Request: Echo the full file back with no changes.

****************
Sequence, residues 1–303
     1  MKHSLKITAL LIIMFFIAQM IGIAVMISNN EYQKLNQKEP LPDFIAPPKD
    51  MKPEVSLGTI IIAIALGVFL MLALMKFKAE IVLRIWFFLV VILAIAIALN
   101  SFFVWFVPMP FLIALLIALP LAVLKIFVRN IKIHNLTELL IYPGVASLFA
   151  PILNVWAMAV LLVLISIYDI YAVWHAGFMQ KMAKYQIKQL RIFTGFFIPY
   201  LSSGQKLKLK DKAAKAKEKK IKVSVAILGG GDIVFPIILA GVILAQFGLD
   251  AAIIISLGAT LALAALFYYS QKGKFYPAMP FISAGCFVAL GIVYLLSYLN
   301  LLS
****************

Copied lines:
Sequence, residues 1–303
     1  MKHSLKITAL LIIMFFIAQM IGIAVMISNN EYQKLNQKEP LPDFIAPPKD
    51  MKPEVSLGTI IIAIALGVFL MLALMKFKAE IVLRIWFFLV VILAIAIALN
   101  SFFVWFVPMP FLIALLIALP LAVLKIFVRN IKIHNLTELL IYPGVASLFA
   151  PILNVWAMAV LLVLISIYDI YAVWHAGFMQ KMAKYQIKQL RIFTGFFIPY
   201  LSSGQKLKLK DKAAKAKEKK IKVSVAILGG GDIVFPIILA GVILAQFGLD
   251  AAIIISLGAT LALAALFYYS QKGKFYPAMP FISAGCFVAL GIVYLLSYLN
   301  LLS